'BreastTime' hopes to provide support for breastfeeding moms

'BreastTime' hopes to provide support for breastfeeding moms

BATON ROUGE, LA (WAFB) - New mom Rebecca Helveston knew she wanted to breastfeed her baby, but when her daughter was born, she realized the process can be more challenging than it seems.

"I kind of went in blind saying, 'Of course I'm going to breastfeed. It's going to be so easy; my baby is going to come out knowing exactly what to do,'" said Helveston. "It's really hard. It's a commitment."

While Helveston worked with a lactation specialist in the hospital, she still had questions after she was discharged to go home.

Registered nurse and certified lactation specialist Cynthia Evans said many women stop breastfeeding when they get home from the hospital. She said moms often lose confidence or become overwhelmed by the challenges of breastfeeding.  Some of the most common challenges include low milk supply, latching, poor milk transfer, and breast pain.

"It does take a lot of commitment and a lot of hard work. It's so worth it at the end, but I think they're really afraid of failing and admitting that," said Evans.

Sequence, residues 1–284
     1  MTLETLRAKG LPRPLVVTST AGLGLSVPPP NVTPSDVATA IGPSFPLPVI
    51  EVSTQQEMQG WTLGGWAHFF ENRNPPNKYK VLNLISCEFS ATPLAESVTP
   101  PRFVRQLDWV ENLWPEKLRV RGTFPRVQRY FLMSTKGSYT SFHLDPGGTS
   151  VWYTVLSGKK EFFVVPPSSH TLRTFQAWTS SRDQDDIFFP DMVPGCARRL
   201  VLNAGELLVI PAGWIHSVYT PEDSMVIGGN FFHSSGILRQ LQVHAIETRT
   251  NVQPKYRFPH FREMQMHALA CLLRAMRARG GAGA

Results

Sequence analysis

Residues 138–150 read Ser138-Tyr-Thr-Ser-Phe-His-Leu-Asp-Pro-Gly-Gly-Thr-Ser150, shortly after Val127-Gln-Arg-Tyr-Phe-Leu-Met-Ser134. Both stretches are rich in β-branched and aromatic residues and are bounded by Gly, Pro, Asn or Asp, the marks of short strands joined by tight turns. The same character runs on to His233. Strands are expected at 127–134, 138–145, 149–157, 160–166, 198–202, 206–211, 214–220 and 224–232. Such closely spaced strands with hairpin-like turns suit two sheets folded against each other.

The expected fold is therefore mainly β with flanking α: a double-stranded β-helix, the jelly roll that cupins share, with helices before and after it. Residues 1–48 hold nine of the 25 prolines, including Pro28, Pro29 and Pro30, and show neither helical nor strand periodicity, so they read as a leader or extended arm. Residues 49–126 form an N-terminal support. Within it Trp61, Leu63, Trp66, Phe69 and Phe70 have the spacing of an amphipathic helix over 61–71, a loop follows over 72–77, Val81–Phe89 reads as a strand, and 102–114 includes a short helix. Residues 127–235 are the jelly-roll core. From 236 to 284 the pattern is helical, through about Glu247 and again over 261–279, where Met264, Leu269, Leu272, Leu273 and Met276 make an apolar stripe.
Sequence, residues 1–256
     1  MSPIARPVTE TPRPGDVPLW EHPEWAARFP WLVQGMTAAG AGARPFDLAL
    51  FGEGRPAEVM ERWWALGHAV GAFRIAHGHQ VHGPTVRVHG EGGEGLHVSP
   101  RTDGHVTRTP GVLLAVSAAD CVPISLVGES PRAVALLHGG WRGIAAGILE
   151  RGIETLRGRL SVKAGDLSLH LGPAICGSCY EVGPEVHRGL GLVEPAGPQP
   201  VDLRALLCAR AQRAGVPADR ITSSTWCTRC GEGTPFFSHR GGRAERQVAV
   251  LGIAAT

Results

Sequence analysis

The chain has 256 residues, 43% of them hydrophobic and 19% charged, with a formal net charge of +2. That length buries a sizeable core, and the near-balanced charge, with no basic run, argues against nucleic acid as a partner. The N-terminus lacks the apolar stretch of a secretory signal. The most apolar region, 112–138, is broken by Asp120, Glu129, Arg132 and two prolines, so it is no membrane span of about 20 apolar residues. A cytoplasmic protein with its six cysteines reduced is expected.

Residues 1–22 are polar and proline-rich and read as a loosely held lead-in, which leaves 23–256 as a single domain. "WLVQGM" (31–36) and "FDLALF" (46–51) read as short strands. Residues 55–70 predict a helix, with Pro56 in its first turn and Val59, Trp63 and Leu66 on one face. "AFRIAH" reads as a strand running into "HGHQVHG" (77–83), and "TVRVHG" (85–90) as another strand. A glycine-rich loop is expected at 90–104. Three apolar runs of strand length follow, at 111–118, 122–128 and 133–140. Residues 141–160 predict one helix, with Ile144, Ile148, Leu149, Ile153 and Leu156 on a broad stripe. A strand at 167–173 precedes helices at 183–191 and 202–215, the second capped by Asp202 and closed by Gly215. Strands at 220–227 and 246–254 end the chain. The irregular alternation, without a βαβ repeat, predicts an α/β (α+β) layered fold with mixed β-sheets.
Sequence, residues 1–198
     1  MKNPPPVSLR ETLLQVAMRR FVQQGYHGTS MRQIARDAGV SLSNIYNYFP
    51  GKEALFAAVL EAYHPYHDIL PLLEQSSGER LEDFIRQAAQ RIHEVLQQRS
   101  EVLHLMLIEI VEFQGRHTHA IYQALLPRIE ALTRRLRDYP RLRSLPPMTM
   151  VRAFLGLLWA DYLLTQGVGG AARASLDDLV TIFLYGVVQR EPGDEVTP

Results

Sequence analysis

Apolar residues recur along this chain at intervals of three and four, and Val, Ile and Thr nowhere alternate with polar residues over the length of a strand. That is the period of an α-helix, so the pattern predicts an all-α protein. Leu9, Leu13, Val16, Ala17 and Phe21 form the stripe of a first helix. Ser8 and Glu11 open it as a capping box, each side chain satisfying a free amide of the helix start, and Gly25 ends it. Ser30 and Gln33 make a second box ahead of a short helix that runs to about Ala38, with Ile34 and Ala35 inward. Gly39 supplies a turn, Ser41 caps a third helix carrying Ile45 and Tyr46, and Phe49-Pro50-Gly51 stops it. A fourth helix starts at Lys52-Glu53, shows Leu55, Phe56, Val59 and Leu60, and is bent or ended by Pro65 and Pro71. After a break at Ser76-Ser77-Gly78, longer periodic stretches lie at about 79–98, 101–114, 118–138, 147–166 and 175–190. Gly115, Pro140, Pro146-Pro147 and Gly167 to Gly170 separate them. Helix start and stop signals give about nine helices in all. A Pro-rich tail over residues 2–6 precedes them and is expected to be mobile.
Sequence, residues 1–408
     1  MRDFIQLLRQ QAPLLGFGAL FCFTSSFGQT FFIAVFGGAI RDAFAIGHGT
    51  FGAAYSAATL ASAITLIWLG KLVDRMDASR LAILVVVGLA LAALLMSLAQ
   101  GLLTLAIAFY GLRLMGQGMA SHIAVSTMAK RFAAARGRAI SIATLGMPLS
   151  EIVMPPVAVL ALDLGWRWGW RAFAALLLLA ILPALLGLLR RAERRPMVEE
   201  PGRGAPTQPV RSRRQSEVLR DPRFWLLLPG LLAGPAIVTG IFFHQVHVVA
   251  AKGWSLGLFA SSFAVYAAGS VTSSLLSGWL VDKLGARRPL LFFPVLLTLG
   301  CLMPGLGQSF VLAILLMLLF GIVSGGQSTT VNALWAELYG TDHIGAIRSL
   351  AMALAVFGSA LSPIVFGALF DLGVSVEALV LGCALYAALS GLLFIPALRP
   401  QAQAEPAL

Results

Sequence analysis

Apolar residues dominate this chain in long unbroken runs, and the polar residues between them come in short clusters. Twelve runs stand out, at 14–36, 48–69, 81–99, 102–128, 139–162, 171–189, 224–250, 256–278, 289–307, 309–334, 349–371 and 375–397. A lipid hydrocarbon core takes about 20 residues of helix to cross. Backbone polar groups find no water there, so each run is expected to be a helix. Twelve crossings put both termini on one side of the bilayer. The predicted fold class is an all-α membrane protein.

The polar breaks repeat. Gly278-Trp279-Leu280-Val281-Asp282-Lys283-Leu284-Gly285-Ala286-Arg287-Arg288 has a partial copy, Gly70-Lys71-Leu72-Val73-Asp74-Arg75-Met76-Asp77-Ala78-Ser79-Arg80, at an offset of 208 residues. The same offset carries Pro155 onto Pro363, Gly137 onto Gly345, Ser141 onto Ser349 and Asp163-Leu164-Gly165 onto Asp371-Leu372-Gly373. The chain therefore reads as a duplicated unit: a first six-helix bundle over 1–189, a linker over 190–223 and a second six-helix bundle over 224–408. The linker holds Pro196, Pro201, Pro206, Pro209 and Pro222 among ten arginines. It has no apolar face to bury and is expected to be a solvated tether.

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To help continue supporting breastfeeding mothers after they leave the hospital, Woman's Hospital has turned to telemedicine. The hospital launched a new program called BreastTime. It's a secure, private video calling system that allows moms to talk with a lactation specialist at Woman's from the comfort of home.

"We are trying to improve our breastfeeding rates and especially the exclusivity of it. This will hopefully encourage the moms who don't have the support or the confidence to keep on breastfeeding," said Woman's quality manager Laurie Hancock.

The program is open to any mom in Louisiana who needs help breastfeeding. It costs $40 per consultation, which can last up to one hour.  For now, consults can be scheduled on Wednesdays and Fridays around the baby's feeding time. The calls can take place over a computer, tablet, or smartphone.

The cost is not covered by insurance.

Helveston said she scheduled two consultations.

"I was able to log on and get those questions answered and more importantly get the reassurance that you're doing great, the baby is doing what she's supposed to do and you're on the road to success," said Helveston.

Benefits of breastfeeding are numerous, said Evans, and include a lower risk of SIDS, childhood obesity, and postpartum depression.

For more on BreastTime, click here: womans.org/breasttime.

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